Gold-fringed Mason Bee

Gold-fringed Mason Bee
Gold-fringed Mason Bee

Out on the Beach Reserve last week with my knapsack I noticed several bees busily moving from flower to flower of ivy-leaved toadflax near Ternery Pool. On closer examination I realised they were all gold-fringed mason bee (Osmia aurulenta), a very attractive little beast with golden hairs on the thorax and fringing the abdomen (hence the name) which is most typical of coastal habitats such as sand dunes and shingle beaches but also occurs inland on chalk grassland and brownfield sites. Interestingly I also had one of this species nest parasites, white-spotted sapyga (Sapyga quinquepunctata, see here), one of only four records for the reserve. The sapyga lays its eggs in the nest of its host, the larva eating the larva of the Osmia and then eating the stored food supply!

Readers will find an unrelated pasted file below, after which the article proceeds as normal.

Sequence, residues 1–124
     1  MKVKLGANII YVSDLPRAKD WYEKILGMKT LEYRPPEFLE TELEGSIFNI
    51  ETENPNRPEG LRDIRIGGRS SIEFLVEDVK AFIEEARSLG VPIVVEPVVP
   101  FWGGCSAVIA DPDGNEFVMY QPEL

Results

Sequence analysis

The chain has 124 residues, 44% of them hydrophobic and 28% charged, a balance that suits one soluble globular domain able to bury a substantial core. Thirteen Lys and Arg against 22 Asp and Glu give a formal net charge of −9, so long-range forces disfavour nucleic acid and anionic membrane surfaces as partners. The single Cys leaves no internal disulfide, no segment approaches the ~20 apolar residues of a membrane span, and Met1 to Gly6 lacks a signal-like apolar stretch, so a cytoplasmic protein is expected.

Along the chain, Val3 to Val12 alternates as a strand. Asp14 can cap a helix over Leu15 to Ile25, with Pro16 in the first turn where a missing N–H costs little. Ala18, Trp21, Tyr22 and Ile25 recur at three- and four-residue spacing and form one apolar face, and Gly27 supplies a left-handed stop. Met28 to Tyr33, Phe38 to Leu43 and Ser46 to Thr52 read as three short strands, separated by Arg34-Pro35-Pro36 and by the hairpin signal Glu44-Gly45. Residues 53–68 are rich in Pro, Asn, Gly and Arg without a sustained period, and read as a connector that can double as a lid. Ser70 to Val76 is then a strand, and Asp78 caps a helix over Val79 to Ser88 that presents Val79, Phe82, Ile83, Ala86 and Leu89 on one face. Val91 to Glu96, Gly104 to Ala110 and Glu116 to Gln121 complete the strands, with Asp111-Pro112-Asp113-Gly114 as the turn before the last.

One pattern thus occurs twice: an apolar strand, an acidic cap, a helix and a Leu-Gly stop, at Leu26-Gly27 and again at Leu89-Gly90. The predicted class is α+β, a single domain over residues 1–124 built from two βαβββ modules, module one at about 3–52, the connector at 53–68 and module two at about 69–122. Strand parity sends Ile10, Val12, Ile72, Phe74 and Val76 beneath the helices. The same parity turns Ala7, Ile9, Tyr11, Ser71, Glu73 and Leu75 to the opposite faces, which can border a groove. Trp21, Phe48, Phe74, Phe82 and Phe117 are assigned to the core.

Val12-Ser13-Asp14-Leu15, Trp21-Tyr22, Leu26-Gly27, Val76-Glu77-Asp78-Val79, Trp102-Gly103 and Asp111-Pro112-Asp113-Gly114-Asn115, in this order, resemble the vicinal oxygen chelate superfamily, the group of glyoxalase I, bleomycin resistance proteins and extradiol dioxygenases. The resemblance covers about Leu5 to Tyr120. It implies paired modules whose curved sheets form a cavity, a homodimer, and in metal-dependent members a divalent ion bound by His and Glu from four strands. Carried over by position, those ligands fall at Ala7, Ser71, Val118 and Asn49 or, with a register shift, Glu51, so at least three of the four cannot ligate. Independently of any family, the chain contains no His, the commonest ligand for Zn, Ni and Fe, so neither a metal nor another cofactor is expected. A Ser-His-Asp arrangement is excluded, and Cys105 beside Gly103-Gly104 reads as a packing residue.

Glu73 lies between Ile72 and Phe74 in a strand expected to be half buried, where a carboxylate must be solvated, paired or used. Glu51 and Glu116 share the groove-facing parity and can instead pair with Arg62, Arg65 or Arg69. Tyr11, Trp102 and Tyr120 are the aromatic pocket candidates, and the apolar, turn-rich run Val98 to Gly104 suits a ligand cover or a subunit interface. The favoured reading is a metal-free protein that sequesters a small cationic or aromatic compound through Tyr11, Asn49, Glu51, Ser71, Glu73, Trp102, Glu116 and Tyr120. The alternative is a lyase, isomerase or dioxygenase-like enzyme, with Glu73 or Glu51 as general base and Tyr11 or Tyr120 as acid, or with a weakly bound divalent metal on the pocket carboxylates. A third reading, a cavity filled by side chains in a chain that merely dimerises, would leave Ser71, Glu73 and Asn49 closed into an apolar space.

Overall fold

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I also had the first record of whelk jumping spider (Pellenes tripunctatus, above) for the year, with an adult male at the western end of Ternery Pool. For several years after its discovery at Rye Harbour in 2011 it was only ever found at the extreme eastern end of the reserve near the Gooder's Hide, but in the last few years most records have come from further west, so it's good to see that it appears to be spreading. The English name comes from the habit of using whelk shells to hide their egg sacs and to overwinter in, though its likely that many similar objects, such as the dead stems of various plants, can also be used for this purpose.

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